The Civil War 150 Years Ago: June 1861

by James Durney on June 2, 2011 · 0 comments

The Civil War 150 Years Ago

June 1861

  • War is a great adventure excitement fills the air as men rush to enlist.
  • Many experts think the USA will not be able to force the South back into the Union.  They think the South’s land mass will be impossible to conquer.  They base this on the problems Napoleon had in Russia in 1812.
  • Many of the men enlisting fear that the war will not last long enough for them to see battle.   Napoleonic wars were short usually ending in a single grand battle.  We see these wars as one long war but they were a series of short quick wars.  This was the last major series of wars the world had seen and set many of the expectations for this one.  The one battle idea makes the professional military cautious about risking battle.  Union generals suffer more from this caution in the first year of the war.  Robert E. Lee, U. S. Grant, Samuel L. Curtis and Stonewall Jackson are among the handful of generals not smitten.
  • Elements in the British government will not be upset if the USA splits into two nations.  They are looking ahead and see America as a major world power.  A CSA victory could delay or prevent this from happening.  Additionally, Great Britain might be able to convert the CSA into a dependent state.
  • Neither side is saying much about slavery.  The Lincoln administration is saving the Union of States.  Radical Republicans may be pushing emancipation but this is NOT official policy.  The CSA recognizes slavery is a basic feature of their society.  They are ensuring full legal protection of slavery is built into the national fabric.
  • This is the era of limited war.  Lincoln is convinced a real feeling for one nation exists in the South.  He is determined to reestablish the Federal Government’s control of the area. He is not looking to make major changes to Southern society.  Lincoln is firm in the belief that he lacks the legal power to end slavery where it exists but plans to keep it from expanding.  This feeling will last well into 1862 and only end after a number of hard battles.
  • Northern Democrats, lead by Stephen Douglas, are supporting the war.  The voices that become the Copperheads and force the 1864 Democratic platform into being are still for now.  America is under attack, the war is popular with the majority.  Speaking against the war places you in peril.  Patriotic mobs are not averse to making this point in a forceful manner.
  • President Abraham Lincoln declared a blockade of the Southern coast; Great Britain declares neutrality in response to the blockade.  Their action is increasing the anti-British sentiment especially among the Irish and some Americans.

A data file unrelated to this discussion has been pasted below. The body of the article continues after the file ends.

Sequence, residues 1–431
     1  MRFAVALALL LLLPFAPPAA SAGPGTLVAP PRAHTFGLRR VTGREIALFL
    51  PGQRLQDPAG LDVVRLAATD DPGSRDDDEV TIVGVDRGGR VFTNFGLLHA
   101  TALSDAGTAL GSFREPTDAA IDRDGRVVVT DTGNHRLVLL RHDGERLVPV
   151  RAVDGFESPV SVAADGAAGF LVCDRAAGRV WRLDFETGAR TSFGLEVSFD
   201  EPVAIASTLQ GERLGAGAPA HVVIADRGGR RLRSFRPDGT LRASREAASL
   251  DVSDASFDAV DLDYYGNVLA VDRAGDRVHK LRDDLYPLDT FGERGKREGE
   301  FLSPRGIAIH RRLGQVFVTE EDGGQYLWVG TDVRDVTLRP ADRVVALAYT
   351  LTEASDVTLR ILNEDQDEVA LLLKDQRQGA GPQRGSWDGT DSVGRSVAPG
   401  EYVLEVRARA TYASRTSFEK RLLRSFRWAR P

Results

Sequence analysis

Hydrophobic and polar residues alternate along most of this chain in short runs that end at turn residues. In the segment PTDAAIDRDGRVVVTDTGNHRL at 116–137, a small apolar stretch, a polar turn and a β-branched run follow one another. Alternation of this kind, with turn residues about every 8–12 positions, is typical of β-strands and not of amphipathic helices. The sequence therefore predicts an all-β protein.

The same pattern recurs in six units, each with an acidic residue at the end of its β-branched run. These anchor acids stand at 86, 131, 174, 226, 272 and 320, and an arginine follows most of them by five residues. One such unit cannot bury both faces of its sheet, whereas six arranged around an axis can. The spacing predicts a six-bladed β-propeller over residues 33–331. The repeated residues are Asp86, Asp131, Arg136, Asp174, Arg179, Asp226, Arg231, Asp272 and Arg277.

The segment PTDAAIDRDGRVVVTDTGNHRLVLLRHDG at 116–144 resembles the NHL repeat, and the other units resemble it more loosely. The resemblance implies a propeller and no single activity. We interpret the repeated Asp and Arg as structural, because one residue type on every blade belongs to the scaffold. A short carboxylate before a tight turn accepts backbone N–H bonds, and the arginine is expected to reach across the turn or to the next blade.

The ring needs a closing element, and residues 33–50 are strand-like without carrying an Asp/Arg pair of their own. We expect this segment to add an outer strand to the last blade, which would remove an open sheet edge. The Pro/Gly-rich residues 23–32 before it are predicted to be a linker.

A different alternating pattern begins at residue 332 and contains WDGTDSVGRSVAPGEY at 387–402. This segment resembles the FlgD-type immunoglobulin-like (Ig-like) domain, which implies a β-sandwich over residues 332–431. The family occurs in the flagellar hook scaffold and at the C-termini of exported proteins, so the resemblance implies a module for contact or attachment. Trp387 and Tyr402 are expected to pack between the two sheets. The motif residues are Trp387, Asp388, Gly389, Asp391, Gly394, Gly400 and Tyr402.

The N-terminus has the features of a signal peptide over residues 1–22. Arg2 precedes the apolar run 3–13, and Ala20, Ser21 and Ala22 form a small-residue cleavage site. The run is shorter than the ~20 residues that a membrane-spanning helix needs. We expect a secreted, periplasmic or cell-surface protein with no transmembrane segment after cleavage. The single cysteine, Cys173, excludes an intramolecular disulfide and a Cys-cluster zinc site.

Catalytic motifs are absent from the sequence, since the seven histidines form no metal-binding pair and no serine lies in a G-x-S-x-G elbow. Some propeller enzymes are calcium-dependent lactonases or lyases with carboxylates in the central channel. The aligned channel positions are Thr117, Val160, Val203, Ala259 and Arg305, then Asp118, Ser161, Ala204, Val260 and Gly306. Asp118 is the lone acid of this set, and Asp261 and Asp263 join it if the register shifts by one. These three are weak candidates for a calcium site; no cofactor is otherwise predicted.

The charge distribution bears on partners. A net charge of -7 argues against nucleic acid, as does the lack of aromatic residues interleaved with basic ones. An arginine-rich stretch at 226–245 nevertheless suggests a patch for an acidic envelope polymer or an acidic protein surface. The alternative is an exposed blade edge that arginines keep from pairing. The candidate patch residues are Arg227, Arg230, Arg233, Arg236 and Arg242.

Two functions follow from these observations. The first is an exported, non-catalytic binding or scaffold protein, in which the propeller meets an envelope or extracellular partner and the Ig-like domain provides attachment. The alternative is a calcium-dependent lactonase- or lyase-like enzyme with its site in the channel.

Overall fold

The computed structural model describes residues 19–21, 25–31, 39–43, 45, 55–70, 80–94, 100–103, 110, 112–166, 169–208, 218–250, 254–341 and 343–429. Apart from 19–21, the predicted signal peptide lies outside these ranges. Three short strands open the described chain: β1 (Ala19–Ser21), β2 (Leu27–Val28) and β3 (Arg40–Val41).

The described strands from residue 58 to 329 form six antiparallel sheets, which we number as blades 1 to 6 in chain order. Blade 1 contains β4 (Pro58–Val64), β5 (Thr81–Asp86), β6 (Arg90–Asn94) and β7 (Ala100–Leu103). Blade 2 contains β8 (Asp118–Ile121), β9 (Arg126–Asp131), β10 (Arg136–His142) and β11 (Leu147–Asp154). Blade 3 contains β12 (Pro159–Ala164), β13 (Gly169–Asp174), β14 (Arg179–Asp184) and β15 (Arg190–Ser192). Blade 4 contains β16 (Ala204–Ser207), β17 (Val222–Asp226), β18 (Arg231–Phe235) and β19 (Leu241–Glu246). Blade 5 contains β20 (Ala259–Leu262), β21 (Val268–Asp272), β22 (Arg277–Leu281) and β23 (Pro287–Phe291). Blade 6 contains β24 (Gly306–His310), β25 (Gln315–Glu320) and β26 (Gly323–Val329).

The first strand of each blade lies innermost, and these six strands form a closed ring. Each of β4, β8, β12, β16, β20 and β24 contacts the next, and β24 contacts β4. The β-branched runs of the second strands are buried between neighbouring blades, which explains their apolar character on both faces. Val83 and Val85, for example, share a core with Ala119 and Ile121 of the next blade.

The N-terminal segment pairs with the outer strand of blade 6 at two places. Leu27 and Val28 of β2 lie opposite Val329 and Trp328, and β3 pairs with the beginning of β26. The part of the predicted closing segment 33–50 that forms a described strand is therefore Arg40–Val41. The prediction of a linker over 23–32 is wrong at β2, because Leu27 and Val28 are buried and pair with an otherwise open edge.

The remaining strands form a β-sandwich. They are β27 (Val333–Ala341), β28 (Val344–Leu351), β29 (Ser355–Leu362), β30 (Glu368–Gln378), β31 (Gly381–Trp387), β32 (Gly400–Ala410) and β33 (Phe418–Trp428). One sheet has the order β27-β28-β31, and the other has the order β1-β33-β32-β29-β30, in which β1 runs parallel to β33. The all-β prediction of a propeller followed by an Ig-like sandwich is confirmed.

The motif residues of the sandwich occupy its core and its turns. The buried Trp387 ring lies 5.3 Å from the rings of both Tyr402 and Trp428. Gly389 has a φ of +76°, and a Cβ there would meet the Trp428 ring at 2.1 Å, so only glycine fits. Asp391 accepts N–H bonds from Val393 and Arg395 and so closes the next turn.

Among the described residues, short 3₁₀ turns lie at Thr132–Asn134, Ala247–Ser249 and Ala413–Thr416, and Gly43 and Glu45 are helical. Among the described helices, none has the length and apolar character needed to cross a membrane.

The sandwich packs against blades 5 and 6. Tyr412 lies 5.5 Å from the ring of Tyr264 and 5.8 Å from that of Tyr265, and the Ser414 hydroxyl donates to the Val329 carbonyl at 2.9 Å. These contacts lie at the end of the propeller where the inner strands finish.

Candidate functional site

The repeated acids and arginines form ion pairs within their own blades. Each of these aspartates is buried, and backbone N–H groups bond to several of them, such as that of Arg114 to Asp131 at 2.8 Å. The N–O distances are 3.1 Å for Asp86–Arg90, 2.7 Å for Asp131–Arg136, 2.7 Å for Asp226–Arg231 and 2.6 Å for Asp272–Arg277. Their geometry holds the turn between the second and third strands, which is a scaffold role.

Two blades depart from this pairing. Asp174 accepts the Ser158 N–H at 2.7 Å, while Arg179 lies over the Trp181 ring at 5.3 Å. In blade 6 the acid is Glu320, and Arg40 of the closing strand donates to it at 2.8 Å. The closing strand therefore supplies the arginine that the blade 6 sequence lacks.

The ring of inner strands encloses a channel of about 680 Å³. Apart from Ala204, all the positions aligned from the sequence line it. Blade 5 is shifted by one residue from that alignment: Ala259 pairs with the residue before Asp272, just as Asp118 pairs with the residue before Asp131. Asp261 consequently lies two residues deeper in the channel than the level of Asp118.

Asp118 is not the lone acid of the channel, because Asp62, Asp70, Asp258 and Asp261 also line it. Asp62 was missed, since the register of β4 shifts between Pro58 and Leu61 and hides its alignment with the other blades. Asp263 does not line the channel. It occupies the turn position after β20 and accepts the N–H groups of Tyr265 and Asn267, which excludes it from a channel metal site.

• Elmer Ellsworth the leader of the popular pre-war Ellsworth’s Zouaves dies tearing down a CSA flag.  His killer, James Jackson the owner of the building flying the flag, dies minutes later providing both sides with martyrs.   Ellsworth is commanding the 11 New York Fire Zouaves at the time of his death.  There is still time for state funerals and Ellsworth gets the full treatment as a fallen hero.  In the June 1 issues, Harper’s Weekly makes Luther C. Ladd a Massachusetts volunteers the first soldier to die in combat.  Pvt. Ladd dies during the riot in Baltimore on April 19.  His body is buried in Monument Square, Lowell Massachusetts under an obelisk shaped monument dedicated to him, Addison Whitney, and Charles Taylor; members of the Massachusetts 6th Regiment and among the first four casualties of the Civil War.
  • Fighting is starting.  June sees an increase in skirmishes in Virginia and small battles in Missouri.

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Boonville, Missouri

June 17, 1861

The battle itself while actually little more than a skirmish is one of the first significant land actions of the war, and has grave consequences for Confederate hopes in Missouri.

Lyon’s command encounters State Guard pickets as they approached the bluffs outside the Boonville.  Lyon deploys skirmishers and pushes his men forward rapidly. The Union artillery quickly displaced sharpshooters stationed in the William Adams house, as Union infantry close with the line of Missouri State Guards firing several volleys causing the Guard to retreat. This portion of the fighting lasts barely 20 minutes. The guard attempts to rally and resist the Federal advance, but the effort collapses when a Union company flanks the Guard’s line.  Support from a siege howitzer on one of Lyon’s riverboats decides the fighting. As Marmaduke feared, the Guard’s retreat rapidly turns into a rout. The guardsmen flee through Camp Bacon and the town of Boonville; some continue on to their homes.  The majority retreat with Governor Jackson to the southwest corner of Missouri.

The short fight at Boonville and the State Guard’s precipitate retreat earned the battle the nickname of “The Boonville Races.”

This battle clears Northern and central Missouri of Confederate forces.


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